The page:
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The Enjoyment of Music: Medieval and Renaissance

The Enjoyment of Music by Kristine Forney and Joseph Machlis.
STUDY
PLAY
Middle Ages
476-1450
Patronage
getting money from the church for your music
-ALL sacred music
Texture
layers of music
-monophonic--> one sound
-polyphonic--> many sounds
-homophonic--> one main sound with an accompaniment
-can be chordal--> multiple parts moving in the same rhythm
Gregorian chang
aka Planchant or Plainsong
Syllabic
every syllable gets its own note
neumatic
two or three notes per syllable of text
mellysmatic
more than three notes per syllable of text
antiphonal
alternating two choirs
-kind of like a call and response for the church
Leonin and Perotin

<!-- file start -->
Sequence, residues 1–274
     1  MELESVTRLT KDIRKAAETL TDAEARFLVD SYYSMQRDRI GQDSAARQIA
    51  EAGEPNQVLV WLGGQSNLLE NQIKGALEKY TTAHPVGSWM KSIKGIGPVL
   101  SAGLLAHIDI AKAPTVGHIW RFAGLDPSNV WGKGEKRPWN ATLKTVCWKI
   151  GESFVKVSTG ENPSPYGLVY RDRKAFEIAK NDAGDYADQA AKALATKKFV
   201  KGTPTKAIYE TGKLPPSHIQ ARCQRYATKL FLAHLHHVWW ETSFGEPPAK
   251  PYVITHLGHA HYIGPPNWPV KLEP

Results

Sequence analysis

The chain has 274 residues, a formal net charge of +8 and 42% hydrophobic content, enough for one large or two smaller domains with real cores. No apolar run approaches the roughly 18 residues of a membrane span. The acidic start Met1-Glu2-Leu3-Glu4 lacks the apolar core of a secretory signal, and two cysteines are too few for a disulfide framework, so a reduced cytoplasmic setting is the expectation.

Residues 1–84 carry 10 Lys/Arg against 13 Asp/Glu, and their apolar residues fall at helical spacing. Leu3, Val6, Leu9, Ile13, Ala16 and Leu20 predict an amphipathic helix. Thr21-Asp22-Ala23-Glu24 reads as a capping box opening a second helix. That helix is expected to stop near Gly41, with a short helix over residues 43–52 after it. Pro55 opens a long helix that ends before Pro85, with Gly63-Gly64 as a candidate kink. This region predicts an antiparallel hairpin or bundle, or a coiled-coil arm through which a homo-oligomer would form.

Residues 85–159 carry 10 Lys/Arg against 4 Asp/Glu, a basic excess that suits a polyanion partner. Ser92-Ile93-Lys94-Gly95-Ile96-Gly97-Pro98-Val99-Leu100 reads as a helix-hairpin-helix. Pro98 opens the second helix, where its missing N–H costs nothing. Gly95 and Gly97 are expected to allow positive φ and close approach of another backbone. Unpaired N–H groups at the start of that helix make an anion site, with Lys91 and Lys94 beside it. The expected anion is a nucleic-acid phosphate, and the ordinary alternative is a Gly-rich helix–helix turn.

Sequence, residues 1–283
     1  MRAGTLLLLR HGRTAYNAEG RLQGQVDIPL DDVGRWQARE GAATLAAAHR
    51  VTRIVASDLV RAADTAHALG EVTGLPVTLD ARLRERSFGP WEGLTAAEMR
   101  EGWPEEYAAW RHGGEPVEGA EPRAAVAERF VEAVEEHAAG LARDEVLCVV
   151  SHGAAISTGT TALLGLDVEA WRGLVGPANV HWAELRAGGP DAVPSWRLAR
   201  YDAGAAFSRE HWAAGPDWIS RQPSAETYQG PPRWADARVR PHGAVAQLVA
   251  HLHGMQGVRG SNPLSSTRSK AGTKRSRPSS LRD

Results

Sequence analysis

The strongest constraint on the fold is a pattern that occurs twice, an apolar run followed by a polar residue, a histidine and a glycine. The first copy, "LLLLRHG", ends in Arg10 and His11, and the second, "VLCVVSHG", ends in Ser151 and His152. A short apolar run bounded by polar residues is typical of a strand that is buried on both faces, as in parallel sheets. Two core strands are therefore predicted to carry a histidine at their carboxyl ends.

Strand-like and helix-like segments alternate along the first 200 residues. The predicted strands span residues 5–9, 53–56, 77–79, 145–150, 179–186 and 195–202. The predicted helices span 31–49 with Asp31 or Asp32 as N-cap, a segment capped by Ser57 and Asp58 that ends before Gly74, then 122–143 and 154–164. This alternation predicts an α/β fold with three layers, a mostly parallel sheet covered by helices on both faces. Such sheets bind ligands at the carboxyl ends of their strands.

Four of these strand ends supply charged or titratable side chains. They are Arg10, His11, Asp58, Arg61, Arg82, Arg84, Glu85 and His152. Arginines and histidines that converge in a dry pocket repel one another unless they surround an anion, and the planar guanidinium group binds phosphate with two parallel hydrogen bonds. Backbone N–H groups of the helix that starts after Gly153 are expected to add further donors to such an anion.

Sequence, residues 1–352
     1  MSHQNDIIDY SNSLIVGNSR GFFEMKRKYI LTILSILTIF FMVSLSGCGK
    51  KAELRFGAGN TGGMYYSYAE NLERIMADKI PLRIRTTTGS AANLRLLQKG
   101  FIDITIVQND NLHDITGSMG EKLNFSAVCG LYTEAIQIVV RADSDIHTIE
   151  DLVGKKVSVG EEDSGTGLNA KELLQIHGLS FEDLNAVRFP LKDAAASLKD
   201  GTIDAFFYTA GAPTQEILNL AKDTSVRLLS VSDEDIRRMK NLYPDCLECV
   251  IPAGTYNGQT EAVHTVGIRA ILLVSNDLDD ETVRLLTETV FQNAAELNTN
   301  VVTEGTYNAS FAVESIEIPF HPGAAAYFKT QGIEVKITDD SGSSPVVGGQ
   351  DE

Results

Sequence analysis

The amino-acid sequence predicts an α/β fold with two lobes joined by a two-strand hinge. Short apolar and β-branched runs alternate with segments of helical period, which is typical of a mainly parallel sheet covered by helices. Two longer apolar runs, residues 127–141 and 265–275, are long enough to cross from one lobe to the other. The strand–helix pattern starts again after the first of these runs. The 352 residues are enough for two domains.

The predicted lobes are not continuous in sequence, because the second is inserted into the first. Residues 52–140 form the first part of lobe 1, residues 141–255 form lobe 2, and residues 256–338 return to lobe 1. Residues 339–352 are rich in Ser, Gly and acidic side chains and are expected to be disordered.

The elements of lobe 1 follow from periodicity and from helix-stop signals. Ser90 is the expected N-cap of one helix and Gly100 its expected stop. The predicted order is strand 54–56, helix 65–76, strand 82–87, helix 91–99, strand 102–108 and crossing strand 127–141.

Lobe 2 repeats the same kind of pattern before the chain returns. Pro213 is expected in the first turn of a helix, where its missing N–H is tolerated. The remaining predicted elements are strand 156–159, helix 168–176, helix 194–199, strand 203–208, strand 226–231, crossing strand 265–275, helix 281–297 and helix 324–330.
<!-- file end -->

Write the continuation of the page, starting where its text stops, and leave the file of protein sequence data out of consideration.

-created the new way to read music
-created staff and spaces
-wrote the first legible notated music
-created polyphony
-They were monks at the Cathedral of Notre Dame
chansons
French love song
Renaissance
the enlightenment period
-shift from sacred to secular music
-musicians worked in churches, cities and courts
-rise of merchants who sold instruments
Musical Styles of the Renaissance
-a capella
-cantus firmus
-polyphony is based on continuous imitation (singing in rounds. think of row your boat)
Cantus Firmus
fixed melody
word painting
expressive device
music reflect the words
-if the music sounds sad then the words sound sad as well
vernacular
the language of the land
-mass was not in the vernacular, it was in Latin
Requiem
mass for the dead
-mass for special services
Italian Madrigal
-genre
-sung secularly
English Madrigal
-genre
-sung
-light, happy sounding
-have the syllables "fa-la-la" (Think "Deck the Halls")
Fair Phyllis
Song
-Composer: Farmer
-Genre: English Madrigal
-characteristics: word painting
-first words are "Fair Phyllis"